For example, rice is Haiti's staple food.  The US dumped cheap rice in Haiti, and Haiti's small farmers could not compete.  So Haiti went from being able to feed itself "but poor" to starving and poor. "By 1995 the subsidies provided by the US to its domestic rice industry had risen to around 40% of its retail value, but in that same year the Haitian government was forced to cut the tariff on foreign rice to just 3%.  Previously self-sufficient in rice, Haiti is now flooded with subsidized American rice that trades at around 70% of the price of its indigenous competition.... Domestic production is undercut even more by the vast amounts of additional ‘free’ American rice that are dumped on Haiti every year through the ministry of USAID grantees,..." (Damming The Flood, P.5)   (Clinton apologizedin 2010 to Haiti for his trade policy that destroyed Haiti's  ability to feed itself.  He said that his policy may have been good for the farmers in  Arkansas but they hurt Haiti.  However he apologized for the part of the plan, the destruction of the Haitian farm economy, only after the destruction was complete and he continues to be the face of the effort to enact the second part of the plan, i.e., sweatshops. Clinotn still advocates for and did not apologize for the sweatshop trade bills).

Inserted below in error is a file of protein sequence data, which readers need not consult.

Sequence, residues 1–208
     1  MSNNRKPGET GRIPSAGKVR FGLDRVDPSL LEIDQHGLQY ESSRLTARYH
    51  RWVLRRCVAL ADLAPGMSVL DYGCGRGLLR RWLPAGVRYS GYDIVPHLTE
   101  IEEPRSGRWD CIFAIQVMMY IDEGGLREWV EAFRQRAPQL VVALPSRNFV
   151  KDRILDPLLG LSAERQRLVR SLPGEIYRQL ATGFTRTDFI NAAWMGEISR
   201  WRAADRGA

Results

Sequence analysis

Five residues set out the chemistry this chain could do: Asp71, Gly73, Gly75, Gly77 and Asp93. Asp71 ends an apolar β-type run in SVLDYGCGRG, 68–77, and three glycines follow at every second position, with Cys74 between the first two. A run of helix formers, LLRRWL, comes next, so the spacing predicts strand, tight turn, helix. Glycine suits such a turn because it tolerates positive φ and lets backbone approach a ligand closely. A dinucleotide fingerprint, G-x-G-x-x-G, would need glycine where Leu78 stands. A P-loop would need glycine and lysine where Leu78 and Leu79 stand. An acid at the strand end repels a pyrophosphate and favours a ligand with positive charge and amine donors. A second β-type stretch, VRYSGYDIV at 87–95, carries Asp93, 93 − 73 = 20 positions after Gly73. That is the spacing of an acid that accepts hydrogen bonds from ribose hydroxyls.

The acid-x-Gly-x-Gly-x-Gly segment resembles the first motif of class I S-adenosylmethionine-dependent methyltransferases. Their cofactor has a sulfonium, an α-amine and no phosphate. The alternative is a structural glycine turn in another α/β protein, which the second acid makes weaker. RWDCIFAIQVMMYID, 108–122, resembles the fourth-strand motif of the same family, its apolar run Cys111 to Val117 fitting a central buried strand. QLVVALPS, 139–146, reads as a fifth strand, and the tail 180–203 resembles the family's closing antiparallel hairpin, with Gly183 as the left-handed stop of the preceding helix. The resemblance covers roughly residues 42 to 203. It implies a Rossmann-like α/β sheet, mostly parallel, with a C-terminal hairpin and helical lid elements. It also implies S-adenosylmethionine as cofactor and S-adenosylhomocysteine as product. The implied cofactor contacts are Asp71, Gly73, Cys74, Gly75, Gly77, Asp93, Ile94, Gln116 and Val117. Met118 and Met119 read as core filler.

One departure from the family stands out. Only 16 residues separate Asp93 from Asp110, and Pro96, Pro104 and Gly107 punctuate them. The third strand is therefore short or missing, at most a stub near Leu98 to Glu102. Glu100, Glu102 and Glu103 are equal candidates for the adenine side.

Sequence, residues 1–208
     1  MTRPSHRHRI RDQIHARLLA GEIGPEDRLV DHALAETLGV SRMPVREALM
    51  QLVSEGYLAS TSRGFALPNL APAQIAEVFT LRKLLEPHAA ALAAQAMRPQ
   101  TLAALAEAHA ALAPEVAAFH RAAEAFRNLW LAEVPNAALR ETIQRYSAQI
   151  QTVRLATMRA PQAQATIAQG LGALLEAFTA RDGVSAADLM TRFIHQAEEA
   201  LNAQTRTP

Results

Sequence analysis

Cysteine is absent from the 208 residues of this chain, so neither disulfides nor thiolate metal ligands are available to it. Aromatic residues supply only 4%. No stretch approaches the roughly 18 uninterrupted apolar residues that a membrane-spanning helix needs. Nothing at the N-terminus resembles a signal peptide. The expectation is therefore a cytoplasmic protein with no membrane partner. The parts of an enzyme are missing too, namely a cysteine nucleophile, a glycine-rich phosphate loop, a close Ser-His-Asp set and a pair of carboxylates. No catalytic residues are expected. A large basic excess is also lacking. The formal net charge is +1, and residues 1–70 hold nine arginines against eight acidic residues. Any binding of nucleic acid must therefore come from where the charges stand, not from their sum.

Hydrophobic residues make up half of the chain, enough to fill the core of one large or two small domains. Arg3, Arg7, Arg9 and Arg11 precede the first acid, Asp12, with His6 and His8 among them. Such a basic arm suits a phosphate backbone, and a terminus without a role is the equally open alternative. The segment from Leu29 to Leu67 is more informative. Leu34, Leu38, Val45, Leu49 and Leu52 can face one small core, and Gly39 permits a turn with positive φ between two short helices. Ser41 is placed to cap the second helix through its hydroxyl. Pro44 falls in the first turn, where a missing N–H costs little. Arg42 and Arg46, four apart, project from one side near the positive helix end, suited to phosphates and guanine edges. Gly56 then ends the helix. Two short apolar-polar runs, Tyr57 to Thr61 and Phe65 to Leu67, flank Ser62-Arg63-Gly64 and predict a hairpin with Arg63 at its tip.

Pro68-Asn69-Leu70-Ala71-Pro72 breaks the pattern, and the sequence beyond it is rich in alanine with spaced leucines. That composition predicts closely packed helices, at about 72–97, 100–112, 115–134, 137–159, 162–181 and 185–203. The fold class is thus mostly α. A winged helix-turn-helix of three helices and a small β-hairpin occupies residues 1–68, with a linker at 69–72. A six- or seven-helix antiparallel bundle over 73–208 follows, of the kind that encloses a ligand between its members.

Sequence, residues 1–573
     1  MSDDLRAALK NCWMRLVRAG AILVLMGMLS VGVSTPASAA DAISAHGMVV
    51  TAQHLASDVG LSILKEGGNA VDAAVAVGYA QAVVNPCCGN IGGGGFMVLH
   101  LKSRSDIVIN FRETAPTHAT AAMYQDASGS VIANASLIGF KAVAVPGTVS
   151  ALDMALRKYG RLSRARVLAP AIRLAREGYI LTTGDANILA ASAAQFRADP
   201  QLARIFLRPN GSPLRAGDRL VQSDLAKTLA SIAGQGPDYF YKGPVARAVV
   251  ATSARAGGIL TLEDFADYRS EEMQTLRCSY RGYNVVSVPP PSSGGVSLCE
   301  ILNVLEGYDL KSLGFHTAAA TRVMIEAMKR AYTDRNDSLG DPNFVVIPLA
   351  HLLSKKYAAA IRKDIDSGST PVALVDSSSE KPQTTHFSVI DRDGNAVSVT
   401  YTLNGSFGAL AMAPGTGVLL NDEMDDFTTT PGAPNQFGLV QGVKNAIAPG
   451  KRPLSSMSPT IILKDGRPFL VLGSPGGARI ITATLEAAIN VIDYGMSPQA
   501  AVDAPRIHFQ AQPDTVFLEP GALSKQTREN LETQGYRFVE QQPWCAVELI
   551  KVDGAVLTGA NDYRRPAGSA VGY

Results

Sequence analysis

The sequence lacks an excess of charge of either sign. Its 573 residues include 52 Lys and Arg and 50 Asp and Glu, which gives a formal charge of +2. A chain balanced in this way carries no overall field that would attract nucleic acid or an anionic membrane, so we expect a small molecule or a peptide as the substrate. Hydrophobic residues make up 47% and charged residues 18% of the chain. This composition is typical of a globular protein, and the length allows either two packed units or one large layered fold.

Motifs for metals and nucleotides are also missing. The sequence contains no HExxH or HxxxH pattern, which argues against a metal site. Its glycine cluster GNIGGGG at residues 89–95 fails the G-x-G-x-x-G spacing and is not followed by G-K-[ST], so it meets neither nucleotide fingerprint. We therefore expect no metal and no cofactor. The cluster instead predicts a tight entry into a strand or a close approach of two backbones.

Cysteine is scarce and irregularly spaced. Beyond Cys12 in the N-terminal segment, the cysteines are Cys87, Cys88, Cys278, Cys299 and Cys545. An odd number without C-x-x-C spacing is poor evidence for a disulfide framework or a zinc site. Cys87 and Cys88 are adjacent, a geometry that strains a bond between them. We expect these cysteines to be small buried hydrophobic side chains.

United States Issues New Travel Warning for Haiti: US preemptively justifying Martelly's campaign of violence against Haiti's poor?


Haiti mayor says he plans to clear huge quake camp: Martelly's smear IDPs (Haitian poor) campaign picks up steam.

The government has reservations about the approach, Rouzier added, but he did not elaborate. He said he was traveling with President Michel Martelly.

Jason cited an "act of banditry" in the public square as a reason for officials wanting to clear away the camp, which has become a shantytown complete with barber shops, boutiques and restaurants and is a symbol of Haiti's post-quake misery.

"We are going to respond next week," Jason told The Associated Press.

About 20 students have been burning tires at the plaza in recent days in a call for justice after a fellow student was shot and wounded during a robbery for his laptop computer.

Jason said officials are figuring out a plan to compensate the camp residents but didn't answer questions asking how much they would get.

Haiti's homeless displaced again - Americas - Al Jazeera

Mark Schuller and Mark Snyder: In Haiti, Inaction Speaks Louder Than Words: